My 1994 Oregon-made Burley bike trailer-stroller (above) is still dear to my heart, but innovations in newer Burleys and in other companies’ offerings show that tools for human-powered urban mobility are developing at a rapid clip. The 31-year-old Eugene company Burley and four manufacturers outside the Northwest offer bike trailer-stroller-cart-jogger hybrids that convert into so many mobility tools they are like something out of Transformers. Almost every Burley model is quickly convertible from a bike trailer to a stroller/cart. (Sightline trustee and Walk Score creator Matt Lerner tows his loaded Burley above.) Some are even convertible into ski trailers for …

Community Carts Remove a Barrier to Walking.

When I was growing up in Seattle in the sixties, the neighborhood grocery where my mom shopped let her and other regular customers push purchases home in the store’s shopping carts. We lived two blocks away, and we returned the carts promptly to safeguard the privilege. It was sometimes my older siblings’ job to return the cart while the rest of us put away the provisions at home. Consequently, my family never owned a granny cart, but we never lacked for walking wheels either. That’s the point of community carts: to extend cart access without necessarily extending cart ownership. Unfortunately, …

Updating the "Granny Cart"

Transport guru Todd Litman says the biggest vehicular breakthrough of recent decades is the rolling suitcase. That’s not the conventional wisdom. Most recent attention to the wheels of the future focuses on electric cars, and they are clearly essential. Still, for some, they are also a false hope, suggesting that all we need to change is our drive trains, not our auto-centered way of life. If our future is to be sustainable, however, the role of cars—electric or otherwise—will have to diminish. The obesity epidemic, the range limits of electric batteries, the pressing need to get off the carbon-fuel rollercoaster …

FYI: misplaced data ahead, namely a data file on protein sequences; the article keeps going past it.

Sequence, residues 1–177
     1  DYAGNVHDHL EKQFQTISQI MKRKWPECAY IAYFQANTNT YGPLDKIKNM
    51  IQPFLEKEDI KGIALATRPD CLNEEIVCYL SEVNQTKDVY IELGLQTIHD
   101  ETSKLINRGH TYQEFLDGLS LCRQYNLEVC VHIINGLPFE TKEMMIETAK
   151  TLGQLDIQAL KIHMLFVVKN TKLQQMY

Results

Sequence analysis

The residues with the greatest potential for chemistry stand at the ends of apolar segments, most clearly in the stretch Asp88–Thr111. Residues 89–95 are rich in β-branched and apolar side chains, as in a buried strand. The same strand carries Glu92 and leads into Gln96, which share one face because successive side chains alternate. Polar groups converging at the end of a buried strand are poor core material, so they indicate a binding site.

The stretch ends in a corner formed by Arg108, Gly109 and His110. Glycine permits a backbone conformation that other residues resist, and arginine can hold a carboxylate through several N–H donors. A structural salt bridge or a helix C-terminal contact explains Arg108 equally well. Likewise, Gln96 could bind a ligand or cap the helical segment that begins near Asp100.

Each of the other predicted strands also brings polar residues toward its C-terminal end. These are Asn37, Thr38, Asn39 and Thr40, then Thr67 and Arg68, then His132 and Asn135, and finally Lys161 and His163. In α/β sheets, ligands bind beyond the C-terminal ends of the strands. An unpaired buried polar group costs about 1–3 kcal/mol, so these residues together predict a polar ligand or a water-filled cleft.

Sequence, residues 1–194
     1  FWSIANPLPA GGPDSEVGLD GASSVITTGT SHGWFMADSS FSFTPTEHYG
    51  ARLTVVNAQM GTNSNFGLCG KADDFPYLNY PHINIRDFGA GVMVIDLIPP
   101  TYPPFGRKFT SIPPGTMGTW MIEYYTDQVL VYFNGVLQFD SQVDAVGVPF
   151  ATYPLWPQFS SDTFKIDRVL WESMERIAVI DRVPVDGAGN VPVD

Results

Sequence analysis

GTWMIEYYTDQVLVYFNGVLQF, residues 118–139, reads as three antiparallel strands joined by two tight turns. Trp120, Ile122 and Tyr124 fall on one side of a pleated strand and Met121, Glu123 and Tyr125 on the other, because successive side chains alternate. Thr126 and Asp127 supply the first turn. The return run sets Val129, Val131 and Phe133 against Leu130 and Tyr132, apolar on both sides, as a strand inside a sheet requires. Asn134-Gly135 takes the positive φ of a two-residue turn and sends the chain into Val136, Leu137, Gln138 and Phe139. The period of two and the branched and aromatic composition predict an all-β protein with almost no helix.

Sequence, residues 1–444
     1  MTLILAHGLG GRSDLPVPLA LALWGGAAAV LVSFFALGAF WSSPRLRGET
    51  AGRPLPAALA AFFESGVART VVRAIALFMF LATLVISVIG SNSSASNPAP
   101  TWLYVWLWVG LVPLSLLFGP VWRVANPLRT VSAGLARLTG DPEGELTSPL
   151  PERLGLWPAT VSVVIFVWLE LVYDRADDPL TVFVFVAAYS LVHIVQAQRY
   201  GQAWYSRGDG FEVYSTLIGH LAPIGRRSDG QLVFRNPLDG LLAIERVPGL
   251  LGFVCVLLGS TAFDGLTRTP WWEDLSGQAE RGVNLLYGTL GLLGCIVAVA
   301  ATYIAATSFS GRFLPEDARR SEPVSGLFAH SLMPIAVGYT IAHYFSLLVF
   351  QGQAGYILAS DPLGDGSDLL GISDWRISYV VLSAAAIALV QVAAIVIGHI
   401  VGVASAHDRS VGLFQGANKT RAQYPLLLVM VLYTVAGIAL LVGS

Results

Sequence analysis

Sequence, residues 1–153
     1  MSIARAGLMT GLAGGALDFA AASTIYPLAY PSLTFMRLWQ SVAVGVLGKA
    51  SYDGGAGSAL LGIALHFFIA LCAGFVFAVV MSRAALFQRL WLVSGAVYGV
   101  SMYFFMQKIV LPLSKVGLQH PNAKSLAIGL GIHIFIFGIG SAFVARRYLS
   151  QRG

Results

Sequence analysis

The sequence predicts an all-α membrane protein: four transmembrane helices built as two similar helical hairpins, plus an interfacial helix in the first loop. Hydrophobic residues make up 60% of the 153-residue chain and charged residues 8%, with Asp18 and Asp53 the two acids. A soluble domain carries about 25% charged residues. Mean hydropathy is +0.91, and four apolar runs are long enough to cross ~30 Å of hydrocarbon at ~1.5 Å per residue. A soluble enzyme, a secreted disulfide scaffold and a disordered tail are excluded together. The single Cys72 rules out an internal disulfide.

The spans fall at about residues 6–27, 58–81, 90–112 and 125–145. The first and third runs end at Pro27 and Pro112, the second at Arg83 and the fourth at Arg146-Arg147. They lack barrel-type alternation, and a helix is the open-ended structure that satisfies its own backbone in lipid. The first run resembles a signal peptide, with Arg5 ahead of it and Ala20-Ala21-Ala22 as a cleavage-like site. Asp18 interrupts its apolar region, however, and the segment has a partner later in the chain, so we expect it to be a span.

A Representative Senate?

When I consider the hurdles to reforming state or federal constitutions, I’m reminded of the tale about the lost traveler who called out for directions to a farmer in a field. “If I were going there,” the farmer eventually hollered back, “I wouldn’t start from here.” Richard Rosenfeld, in Harper’s writes of how deeply embedded in the Constitution is the power of the Senate. For example, it says, “No State, without its Consent, shall be deprived of its equal suffrage in the Senate.” Even in a constitutional convention, votes are taken by state, not per capita, so there’s no reason …

Canada Rules

The undemocratic design of the US Senate is a huge obstacle to progress in the Northwest. How did the Senate get set up in the first place? Richard Rosenfeld, writing six years ago in Harper’s answers that question. The 1787 Constitutional Convention created the Senate in a triply split vote won by states representing just one third of the fledgling nation’s (free, white, male, propertied) electorate. In doing so, the convention rejected Common Sense-author Thomas Paine’s plea for a one-chamber, popularly elected legislature. Instead, it essentially imported the British system of government of the time, as filtered through the writings …